UK Chancellor Kwasi Kwarteng’s widely criticised ‘mini budget’ last Friday locked in the largest tax cuts since the 1970s, sent cable to its lowest level since the collapse of Bretton Woods and saw UK gilt ETFs plunge as yields shot up across the curve.
Deutsche Bank’s head of global fundamental credit strategy Jim Reid said UK gilts had their “largest one-day increase in decades” last Friday as two-year yields shot up 44.7 basis points (bps) while five-years and 10-year yields spiked 50.3bps and 33bps, respectively.
Inversely, UK gilt prices moved in a downward trajectory more severe than any one-day period seen during COVID-19, Brexit or even the Global Financial Crisis in 2008.
Responding to recent yield volatility, the largest broad UK government bond ETF, the $1.3bn iShares Core UK Gilts UCITS ETF (IGLT), has fallen 16.1% over the past month, as at 23 September.
Over the same period, the longer-dated $67m SPDR Bloomberg 15+ Year Gilt UCITS ETF (GLTL) and Europe’s largest inflation-shielded UK government bond ETF, the $691m iShares £ Index-Linked Gilts UCITS ETF (INXG), returned -23.2% and -21.8%, respectively.
These stark changes were a reaction to Kwarteng’s (pictured) unfunded tax cuts, which are set to cost £87bn over the next two years and sit alongside the £150bn initial Energy Price Guarantee. BlackRock estimated in its weekly market commentary the two measures will amount to 10% of UK GDP over the next five years.
The cost of the policies also does little to assist the Bank of England in its mission to manage inflation. Having implemented a 50bps hike last Thursday, money markets have priced in a further 200bps of emergency hikes before the policymaker’s next meeting in November, according to Bloomberg.
The central bank also plans to offload £80bn of UK gilts from its balance sheet over the next 12 months, a goal that may have to be revised after the glut of new issuance to finance the government’s new spending plans.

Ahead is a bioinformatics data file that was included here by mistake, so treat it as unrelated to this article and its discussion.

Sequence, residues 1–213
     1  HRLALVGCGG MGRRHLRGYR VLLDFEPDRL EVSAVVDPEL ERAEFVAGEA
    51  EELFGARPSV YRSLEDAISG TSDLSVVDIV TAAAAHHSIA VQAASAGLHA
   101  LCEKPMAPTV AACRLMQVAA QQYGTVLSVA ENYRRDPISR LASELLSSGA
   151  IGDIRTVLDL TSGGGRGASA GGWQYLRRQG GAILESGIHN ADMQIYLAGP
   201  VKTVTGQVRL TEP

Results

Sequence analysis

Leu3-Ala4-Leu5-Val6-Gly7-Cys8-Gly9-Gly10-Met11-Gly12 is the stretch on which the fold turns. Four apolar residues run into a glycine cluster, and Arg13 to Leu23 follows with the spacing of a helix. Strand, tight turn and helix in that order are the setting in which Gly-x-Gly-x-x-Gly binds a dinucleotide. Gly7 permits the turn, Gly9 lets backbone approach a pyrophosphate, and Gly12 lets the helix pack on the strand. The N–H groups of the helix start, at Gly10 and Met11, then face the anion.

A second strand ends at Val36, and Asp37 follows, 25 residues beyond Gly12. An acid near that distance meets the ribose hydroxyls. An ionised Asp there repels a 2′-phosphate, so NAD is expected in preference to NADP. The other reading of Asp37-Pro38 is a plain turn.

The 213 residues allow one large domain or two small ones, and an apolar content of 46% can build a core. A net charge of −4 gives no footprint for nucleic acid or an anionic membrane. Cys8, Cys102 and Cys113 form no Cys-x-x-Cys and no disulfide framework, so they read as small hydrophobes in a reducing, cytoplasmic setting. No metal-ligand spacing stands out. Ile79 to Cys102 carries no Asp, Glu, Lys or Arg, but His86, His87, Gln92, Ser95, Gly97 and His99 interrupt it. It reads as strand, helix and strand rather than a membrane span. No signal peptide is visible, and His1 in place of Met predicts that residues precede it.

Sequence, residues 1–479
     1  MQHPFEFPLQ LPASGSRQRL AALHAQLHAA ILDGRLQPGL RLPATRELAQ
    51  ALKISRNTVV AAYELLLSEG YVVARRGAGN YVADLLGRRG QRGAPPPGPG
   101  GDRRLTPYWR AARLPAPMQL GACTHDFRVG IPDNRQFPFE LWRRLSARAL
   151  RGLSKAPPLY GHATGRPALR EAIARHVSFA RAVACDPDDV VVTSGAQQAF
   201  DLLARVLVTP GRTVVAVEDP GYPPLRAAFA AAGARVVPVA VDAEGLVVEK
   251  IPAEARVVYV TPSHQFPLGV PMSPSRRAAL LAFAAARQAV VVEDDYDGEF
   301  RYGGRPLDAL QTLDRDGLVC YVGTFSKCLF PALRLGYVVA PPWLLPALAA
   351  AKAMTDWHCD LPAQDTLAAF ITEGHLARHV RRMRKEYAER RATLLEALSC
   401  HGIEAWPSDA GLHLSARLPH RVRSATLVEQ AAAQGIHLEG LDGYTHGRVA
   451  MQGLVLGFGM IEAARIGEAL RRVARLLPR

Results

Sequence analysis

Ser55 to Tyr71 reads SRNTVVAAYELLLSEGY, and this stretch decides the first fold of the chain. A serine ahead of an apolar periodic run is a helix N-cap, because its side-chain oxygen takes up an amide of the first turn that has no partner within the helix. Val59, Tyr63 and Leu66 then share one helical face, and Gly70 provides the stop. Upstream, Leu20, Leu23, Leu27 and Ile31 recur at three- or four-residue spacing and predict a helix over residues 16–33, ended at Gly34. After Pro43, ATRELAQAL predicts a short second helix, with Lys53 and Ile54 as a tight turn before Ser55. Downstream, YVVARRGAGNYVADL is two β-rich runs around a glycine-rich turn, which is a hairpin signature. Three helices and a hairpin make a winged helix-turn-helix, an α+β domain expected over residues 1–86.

Commenting on the Chancellor’s opening gambit and its immediate aftermath, former US Treasury Secretary Larry Summers told Bloomberg: “It makes me very sorry to say, but the UK is behaving a bit like an emerging market turning itself into a submerging market.
“I hope that at some point this policy package will be reversed, or that somehow I am misjudging the situation. But I am very fearful for the UK on the path that it is travelling.”
On Monday, sterling fell 3.6% against the US dollar to hit $1.03 in Asian trading, its weakest exchange rate against the greenback since going free float in 1971.
Illustrating sterling’s weakness, the WisdomTree Long USD Short GBP ETC (GBUS) has returned 22.9% this year, as at 23 September.
Further highlighting this, while the $11.1bn iShares Core FTSE 100 UCITS ETF (ISF) – based on sterling-denominated securities – fell 11.8% in a month, the $127m iShares Core FTSE 100 UCITS ETF USD Hedged (ISFD) dropped by a more modest 5.8%.
Commenting on the UK’s economic situation and its policy response, BlackRock said the Bank of England accepts pushing inflation down quickly requires a recession but the UK now faces different challenges which “change fundamentally” the asset manager’s view of UK assets.
“The UK government revealed a fiscal splurge on Friday that effectively throws money at an inflation problem, in our view,” it said.
“After last week’s hike, this means the BoE will have to hike more and leave rates elevated for longer than it planned to, we think. But more importantly, the fiscal splurge puts the UK’s fiscal credibility into question.”
As Kwarteng and the Bank of England go head-to-head on further tax cuts and interest rate hikes down the line, the world’s largest asset manager has reduced its UK gilt stance to underweight.